'Broad and bizarre': State elections chair, other officials slam Gableman's latest subpoenas

’Broad and bizarre’: State elections chair, other officials slam Gableman’s latest subpoenas

MADISON, Wis. (CBS 58) -- The chair of the Wisconsin Elections Commission and some city officials are firing back at the latest subpoenas they received seeking numerous documents related to the 2020 election.

The subpoenas were recently served to the state Elections Commission and some municipal IT departments by Michael Gableman, a retired Supreme Court justice hired by Assembly Republicans to review the 2020 election.

The latest request from Gableman seeks interviews in private and documents such as emails, information about voting machines and records related to specific voters.

Ann Jacobs, the Democratic chair of WEC, called Gableman's subpoena issued to WEC overly broad since it requests thousands, potentially millions, of documents of "any and all communication" with election officials dating back to January 2020.

"It's so broad and it's bizarre," said Jacobs. "It's as if they have no idea how to craft a subpoena to actually look for anything. I'm just perplexed by it."

Jacobs suggested she won't comply with Gableman's request because of pending litigation. A Dane County judge is expected to make a ruling by Jan. 10 whether or not previous subpoenas Gableman issued to WEC administrator Meagan Wolfe are valid.

The latest move by Gableman suggests his months-long review doesn't plan to slow down anytime soon, despite recounts and court rulings confirming Joe Biden narrowly won by about 21,000 votes in Wisconsin. Nonpartisan reviews have also found no evidence of widespread voter fraud.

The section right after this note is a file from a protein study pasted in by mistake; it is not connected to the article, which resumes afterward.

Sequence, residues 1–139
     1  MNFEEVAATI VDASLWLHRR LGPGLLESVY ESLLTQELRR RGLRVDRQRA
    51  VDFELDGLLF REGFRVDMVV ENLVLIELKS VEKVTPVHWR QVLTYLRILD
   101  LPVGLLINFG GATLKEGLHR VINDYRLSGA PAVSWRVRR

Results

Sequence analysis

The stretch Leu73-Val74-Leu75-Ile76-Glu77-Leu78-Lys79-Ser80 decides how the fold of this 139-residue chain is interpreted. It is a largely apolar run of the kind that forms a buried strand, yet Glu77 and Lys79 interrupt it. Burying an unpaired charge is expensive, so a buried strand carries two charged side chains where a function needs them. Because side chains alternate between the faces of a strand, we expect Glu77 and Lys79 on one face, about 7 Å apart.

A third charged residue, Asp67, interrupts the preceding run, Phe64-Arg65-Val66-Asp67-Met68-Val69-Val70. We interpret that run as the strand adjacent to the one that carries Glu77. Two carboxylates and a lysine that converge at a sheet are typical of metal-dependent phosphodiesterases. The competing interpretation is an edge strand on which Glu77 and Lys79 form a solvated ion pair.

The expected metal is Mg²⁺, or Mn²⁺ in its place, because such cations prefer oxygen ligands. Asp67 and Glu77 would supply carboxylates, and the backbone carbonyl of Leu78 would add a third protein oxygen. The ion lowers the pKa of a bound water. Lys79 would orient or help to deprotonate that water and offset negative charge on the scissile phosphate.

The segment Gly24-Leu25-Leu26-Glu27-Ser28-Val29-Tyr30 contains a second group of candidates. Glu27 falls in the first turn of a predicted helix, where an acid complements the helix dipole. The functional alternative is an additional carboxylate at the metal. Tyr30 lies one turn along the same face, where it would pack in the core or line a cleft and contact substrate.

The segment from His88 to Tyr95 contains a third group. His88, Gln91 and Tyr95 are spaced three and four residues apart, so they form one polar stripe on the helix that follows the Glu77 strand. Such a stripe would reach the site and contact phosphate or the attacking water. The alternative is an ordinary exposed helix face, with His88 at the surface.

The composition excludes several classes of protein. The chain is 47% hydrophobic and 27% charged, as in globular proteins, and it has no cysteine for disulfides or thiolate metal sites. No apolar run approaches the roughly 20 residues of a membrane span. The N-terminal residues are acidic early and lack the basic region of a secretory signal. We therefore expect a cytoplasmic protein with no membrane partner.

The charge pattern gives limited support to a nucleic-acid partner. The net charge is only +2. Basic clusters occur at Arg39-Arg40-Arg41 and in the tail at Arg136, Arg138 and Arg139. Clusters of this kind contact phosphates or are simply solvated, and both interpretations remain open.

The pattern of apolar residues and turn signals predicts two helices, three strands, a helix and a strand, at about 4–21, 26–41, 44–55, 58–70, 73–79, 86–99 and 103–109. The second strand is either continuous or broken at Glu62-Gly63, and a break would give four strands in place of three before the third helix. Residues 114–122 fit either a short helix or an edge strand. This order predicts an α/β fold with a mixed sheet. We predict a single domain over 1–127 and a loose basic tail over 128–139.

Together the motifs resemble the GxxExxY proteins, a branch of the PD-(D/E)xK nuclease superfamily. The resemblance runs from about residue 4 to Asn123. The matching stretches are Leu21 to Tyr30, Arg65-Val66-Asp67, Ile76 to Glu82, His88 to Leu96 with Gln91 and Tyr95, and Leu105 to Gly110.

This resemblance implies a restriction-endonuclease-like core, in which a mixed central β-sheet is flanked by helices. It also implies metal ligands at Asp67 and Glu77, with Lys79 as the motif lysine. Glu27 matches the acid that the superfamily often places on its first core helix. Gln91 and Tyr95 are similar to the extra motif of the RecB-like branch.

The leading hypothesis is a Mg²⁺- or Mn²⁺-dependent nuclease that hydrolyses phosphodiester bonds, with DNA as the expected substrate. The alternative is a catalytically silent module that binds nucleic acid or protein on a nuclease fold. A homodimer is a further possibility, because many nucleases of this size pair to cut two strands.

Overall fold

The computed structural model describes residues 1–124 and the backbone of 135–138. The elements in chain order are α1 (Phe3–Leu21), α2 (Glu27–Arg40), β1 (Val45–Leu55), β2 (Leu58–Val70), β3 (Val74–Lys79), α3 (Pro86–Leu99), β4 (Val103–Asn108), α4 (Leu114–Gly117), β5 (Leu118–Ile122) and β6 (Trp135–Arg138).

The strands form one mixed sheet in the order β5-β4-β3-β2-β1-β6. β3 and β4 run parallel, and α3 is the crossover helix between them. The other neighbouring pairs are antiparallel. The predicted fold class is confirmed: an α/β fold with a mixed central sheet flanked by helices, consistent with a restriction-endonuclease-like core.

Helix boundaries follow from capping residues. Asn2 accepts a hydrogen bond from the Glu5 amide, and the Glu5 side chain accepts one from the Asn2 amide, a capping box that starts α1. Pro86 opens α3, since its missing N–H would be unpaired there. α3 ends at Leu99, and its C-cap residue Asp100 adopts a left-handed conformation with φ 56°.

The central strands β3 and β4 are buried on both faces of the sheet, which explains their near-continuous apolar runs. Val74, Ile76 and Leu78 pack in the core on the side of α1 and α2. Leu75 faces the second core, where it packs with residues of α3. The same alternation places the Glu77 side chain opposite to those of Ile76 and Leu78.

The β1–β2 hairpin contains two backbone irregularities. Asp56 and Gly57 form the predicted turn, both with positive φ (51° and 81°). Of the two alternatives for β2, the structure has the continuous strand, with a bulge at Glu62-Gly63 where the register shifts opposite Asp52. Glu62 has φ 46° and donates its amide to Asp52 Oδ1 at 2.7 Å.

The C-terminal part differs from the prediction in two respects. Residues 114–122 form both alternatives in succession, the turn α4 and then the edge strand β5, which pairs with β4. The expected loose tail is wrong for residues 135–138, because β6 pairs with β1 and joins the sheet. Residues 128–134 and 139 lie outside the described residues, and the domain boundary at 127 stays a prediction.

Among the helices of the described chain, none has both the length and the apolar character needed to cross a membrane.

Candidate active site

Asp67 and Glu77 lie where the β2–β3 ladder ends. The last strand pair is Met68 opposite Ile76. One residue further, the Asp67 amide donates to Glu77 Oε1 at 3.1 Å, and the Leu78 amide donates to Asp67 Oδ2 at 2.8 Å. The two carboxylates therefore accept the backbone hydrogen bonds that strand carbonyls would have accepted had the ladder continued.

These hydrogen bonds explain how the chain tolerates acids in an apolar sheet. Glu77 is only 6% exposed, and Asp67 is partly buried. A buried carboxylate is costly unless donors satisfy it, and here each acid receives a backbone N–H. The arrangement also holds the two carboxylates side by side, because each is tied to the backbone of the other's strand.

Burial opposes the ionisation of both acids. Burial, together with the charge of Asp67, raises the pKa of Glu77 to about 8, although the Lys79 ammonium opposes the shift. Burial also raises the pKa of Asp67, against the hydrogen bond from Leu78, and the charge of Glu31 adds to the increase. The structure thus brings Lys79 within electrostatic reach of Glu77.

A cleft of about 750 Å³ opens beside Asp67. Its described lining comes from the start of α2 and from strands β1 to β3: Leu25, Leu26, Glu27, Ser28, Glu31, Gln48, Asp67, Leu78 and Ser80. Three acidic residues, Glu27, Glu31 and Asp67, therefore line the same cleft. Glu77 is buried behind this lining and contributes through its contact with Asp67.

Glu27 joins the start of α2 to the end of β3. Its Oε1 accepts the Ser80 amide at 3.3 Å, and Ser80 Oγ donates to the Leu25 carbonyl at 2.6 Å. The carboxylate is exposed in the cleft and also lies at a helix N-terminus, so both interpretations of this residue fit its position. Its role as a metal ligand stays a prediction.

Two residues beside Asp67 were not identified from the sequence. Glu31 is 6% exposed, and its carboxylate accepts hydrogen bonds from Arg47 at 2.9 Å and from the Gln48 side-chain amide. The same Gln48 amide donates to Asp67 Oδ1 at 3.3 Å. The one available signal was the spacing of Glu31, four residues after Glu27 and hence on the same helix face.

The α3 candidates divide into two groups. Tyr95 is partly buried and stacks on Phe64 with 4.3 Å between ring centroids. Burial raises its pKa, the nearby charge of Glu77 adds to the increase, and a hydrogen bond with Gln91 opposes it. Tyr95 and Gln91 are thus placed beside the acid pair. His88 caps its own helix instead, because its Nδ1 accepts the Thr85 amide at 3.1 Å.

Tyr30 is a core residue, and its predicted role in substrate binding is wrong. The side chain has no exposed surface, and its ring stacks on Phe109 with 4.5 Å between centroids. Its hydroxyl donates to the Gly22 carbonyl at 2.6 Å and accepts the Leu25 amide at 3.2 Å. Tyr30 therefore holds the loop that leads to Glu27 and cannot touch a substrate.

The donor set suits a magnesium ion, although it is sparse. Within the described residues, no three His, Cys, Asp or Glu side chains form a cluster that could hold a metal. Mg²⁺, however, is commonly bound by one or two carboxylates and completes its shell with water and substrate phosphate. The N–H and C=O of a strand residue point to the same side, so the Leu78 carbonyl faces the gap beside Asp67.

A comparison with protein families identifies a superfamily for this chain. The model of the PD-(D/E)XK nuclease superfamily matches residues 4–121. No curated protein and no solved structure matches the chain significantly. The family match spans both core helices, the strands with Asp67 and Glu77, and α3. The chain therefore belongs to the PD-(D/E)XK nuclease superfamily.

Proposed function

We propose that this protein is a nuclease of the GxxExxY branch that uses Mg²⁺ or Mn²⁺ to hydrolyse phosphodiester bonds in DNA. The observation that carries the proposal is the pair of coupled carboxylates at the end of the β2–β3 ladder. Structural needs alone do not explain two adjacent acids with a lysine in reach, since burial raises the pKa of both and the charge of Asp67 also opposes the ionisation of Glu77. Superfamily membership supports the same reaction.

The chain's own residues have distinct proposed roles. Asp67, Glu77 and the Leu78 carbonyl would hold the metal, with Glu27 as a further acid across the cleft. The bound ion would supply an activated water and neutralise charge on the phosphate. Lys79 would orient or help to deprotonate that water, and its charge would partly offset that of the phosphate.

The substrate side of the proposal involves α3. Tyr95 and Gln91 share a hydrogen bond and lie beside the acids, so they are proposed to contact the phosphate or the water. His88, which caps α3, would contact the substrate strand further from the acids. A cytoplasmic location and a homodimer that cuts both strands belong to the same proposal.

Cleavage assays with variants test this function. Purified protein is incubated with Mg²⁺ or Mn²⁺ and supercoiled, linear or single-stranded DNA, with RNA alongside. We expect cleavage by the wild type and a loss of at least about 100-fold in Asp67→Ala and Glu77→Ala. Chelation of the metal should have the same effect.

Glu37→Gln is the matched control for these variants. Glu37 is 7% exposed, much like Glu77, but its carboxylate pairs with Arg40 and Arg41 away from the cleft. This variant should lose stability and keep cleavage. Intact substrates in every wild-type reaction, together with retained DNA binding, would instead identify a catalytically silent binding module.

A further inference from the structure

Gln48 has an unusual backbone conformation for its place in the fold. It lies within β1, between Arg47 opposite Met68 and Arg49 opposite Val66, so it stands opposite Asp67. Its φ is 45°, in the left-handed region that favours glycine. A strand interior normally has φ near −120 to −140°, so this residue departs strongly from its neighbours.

Jacobs believes Gableman's latest subpoenas are a tactic to prolong the investigation.

"It feels like they are trying to create an excuse for it to go on forever, it's not a subpoena designed to get any particular information," Jacobs said.

Municipal IT Departments Subpoenaed

City officials in Madison and Green Bay's IT departments were also served by Gableman on Wednesday, Dec. 26.

It requests voting machine serial numbers, information related to software updates on computers and any communication with Dominion Voting Systems, but both cities currently do not use Dominion.

Madison Mayor Satya Rhodes-Conway slammed the subpoena in a statement, saying "Attorney Gableman and his team are yet again demonstrating that they have learned nothing about election administration in Wisconsin."

She added, "their “investigation” is a waste of time and taxpayer dollars.

In November, Gableman asked a judge to throw the mayors of Madison and Green Bay in jail if they don't meet with him for interviews. The mayors argue they've cooperated with most of Gableman's requests, but refuse to meet behind closed doors for his investigation.

Milwaukee County Clerk George Christenson said he believes the city will soon receive a similar subpoena requesting election records from the city treasurer and its IT department.

As of Monday evening, officials could not confirm if the subpoenas were delivered,  noting city hall has been temporarily closed.

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